Patient-reported outcomes questionnaires were completed at baseline and at pre-specified timepoints throughout treatment (Weeks 4, 8, 12, 16, 20 and 24) and follow-up (Weeks 4, 8, 12, 16, 20,24, 28, 36 and 48).
Efficacy analyses were conducted in the intent-to-treat population (all patients receiving ≥1 dose of study medication). Treatment of 150 eligible patients, of whom 69% (104/150) were expected to be eligible for the 12-week group, was based on an assumed estimated IL28B genotype breakdown of 30% CC, 55% CT and 15% TT, and a 50% G1a/G1b split. The sample size was determined based on the minimally acceptable response rate (80%) and target response rate of 90%. With α = 0.05 and a sample size of 104, the power to show the minimally acceptable response rate was estimated by Z-test as 91%.
All reported AEs with onset during the treatment phase were included in the safety analysis.
Post-hoc univariate and step-wise multivariate logistic regression analyses were performed to determine prognostic factors associated with SVR12 or viral relapse among patients in the 12-week group (all patients; patients with IL28B non-CC genotype). The significance of these prognostic factors was assessed using Wald’s test. Statistical analysis was conducted using SAS statistical analysis software (SAS Institute Inc). Classification and regression tree analysis of factors associated with SVR12 in patients receiving 12 weeks of treatment was performed using SAS® JMP. Only those factors that were included in the final multivariate model were included in the regression tree analysis: IL28B genotype, HCV RNA at baseline, and METAVIR fibrosis score.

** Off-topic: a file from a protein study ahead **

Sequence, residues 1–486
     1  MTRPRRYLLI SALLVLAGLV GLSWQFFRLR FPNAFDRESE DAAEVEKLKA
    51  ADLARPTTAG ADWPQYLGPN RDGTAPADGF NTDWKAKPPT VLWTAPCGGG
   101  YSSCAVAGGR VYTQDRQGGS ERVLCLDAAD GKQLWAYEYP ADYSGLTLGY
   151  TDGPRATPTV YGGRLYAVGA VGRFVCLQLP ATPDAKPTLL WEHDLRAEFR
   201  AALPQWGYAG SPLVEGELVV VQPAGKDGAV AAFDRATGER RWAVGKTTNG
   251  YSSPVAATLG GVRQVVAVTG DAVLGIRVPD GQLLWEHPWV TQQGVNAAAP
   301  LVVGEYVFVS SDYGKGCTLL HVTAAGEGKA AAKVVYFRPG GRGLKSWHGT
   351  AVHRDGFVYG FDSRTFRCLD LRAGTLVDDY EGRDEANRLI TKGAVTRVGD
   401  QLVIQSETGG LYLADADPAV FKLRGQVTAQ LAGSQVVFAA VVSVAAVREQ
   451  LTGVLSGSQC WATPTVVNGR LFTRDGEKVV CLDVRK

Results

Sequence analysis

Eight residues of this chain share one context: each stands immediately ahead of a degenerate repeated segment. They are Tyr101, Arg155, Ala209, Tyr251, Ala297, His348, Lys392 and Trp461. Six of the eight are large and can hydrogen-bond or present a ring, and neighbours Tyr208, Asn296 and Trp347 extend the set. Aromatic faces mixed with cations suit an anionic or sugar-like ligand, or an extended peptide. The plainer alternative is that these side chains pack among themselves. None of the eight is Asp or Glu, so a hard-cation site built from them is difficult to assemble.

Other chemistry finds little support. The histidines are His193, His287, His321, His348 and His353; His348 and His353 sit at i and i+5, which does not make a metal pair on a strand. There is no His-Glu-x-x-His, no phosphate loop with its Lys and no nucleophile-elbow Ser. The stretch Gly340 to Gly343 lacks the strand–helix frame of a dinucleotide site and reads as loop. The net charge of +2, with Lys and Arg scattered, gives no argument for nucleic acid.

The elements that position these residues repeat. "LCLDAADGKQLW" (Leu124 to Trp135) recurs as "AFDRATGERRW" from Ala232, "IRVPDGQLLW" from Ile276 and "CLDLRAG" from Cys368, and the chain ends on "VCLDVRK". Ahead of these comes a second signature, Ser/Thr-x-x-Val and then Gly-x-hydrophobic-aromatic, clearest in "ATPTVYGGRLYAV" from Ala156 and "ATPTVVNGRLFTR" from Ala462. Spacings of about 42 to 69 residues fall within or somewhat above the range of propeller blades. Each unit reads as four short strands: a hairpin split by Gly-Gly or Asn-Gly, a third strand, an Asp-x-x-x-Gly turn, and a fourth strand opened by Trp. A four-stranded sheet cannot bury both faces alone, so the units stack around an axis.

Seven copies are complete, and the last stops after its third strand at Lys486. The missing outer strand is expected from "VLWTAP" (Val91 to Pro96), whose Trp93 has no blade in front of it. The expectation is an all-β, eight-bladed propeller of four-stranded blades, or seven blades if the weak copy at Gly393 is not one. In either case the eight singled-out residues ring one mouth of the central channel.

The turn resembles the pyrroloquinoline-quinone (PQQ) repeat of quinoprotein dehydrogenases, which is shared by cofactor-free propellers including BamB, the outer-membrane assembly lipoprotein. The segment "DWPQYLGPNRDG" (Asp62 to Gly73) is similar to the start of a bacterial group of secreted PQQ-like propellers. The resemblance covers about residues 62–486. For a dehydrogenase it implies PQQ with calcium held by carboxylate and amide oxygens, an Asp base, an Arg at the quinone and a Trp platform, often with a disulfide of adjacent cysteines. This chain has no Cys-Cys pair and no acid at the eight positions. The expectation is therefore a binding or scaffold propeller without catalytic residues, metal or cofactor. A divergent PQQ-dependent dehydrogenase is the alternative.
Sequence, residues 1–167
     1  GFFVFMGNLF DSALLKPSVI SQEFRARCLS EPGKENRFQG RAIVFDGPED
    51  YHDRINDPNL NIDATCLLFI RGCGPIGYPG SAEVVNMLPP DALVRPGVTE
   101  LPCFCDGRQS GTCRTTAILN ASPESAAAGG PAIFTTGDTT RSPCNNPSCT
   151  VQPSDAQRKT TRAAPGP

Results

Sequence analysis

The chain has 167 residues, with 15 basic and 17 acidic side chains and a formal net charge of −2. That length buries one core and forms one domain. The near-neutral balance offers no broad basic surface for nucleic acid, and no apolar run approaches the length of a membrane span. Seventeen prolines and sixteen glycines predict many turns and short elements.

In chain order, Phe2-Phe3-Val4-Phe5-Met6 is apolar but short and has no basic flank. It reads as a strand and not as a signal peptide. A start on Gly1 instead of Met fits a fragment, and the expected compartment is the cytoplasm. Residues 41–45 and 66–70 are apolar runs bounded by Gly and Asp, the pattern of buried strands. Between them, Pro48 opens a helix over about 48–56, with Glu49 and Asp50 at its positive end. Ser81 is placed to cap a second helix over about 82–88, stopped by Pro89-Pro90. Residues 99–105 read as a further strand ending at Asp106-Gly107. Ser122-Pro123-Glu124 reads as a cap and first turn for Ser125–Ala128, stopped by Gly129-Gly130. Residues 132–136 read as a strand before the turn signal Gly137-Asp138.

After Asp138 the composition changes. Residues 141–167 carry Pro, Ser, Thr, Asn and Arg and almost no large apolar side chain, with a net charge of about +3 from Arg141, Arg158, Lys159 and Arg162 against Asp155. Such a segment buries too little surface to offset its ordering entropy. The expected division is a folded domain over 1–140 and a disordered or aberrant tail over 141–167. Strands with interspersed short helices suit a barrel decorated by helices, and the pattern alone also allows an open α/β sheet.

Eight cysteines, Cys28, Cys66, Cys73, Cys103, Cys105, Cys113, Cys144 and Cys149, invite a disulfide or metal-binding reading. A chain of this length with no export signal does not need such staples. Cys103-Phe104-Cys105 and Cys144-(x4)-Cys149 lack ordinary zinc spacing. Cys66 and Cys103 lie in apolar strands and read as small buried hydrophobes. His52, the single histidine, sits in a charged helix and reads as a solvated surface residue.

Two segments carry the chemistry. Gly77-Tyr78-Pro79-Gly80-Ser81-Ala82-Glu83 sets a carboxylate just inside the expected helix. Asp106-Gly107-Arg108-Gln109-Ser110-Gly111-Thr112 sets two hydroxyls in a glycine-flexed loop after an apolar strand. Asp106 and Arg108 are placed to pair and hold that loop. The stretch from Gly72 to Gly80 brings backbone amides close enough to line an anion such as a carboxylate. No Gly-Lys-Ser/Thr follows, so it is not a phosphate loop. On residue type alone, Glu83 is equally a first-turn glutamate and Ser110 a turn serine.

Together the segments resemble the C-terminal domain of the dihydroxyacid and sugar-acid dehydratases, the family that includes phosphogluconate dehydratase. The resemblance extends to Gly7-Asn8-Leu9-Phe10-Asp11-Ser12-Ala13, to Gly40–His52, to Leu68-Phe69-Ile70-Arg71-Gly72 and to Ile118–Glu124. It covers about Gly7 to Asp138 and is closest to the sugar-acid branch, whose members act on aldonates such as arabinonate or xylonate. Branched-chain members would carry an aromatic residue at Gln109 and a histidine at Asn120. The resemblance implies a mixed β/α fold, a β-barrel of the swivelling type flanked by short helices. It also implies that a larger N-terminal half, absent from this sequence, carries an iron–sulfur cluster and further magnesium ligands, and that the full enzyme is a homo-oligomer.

For measures of patient-reported outcomes, descriptive statistics are reported according to treatment group and achievement or otherwise of SVR12.
Of 185 patients screened, 88% (163) were treated. Of these, 91% (148/163) completed all study therapy. During the entire treatment period, 7% (12/163) patients discontinued simeprevir, and 9% (15/163) discontinued Peg-IFNα and/or RBV for any reason (Fig 1). Seventy-five per cent (123/163) of patients met the criteria for shortening treatment to 12 weeks. Of these, all except one patient, who discontinued simeprevir and RBV at Week 11 due to non-compliance, completed all study treatment. A total of 40 patients were assigned to the >12 week group for analysis; these patients did not met the eligibility criteria for shortened treatment. Of these 40 patients, 73% (29/40) completed the 12 weeks of simeprevir therapy and 65% (26/40) completed all study treatment (Fig 1).
Baseline characteristics and eligibility for the 12-week treatment regimen
Most patients were male and white; median age was 47 years. More patients with IL28B CC (32/40; 80%) and CT (73/93; 78%) genotype than TT (18/30; 60%) were eligible for 12-week treatment. More patients in the 12-week vs. >12-week group had HCV RNA ≤800,000 IU/mL at baseline (33/123 [27%] vs. 3/40 [8%]) (Table 1).
Data are n (%) unless otherwise stated. HCV GT1 subtype (Coalesce) is based on the NS5B assay, and if not available on LIPA HCV II or Trugene results.
Among patients with GT1a HCV (n = 67), the Q80K polymorphism was identified in 17% (11/65) of those with available sequence data. Of these, 55% (6/11) (5/6 with IL28B CC genotype) were eligible for 12-week treatment.